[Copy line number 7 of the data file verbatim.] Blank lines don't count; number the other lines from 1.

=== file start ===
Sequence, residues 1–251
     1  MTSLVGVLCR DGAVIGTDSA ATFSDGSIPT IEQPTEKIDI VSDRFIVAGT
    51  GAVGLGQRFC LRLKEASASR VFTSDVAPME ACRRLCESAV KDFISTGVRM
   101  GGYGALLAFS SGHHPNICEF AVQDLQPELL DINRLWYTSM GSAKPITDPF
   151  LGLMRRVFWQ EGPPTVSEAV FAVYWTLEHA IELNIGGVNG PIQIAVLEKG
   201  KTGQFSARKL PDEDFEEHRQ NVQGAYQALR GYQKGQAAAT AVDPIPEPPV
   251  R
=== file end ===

   251  R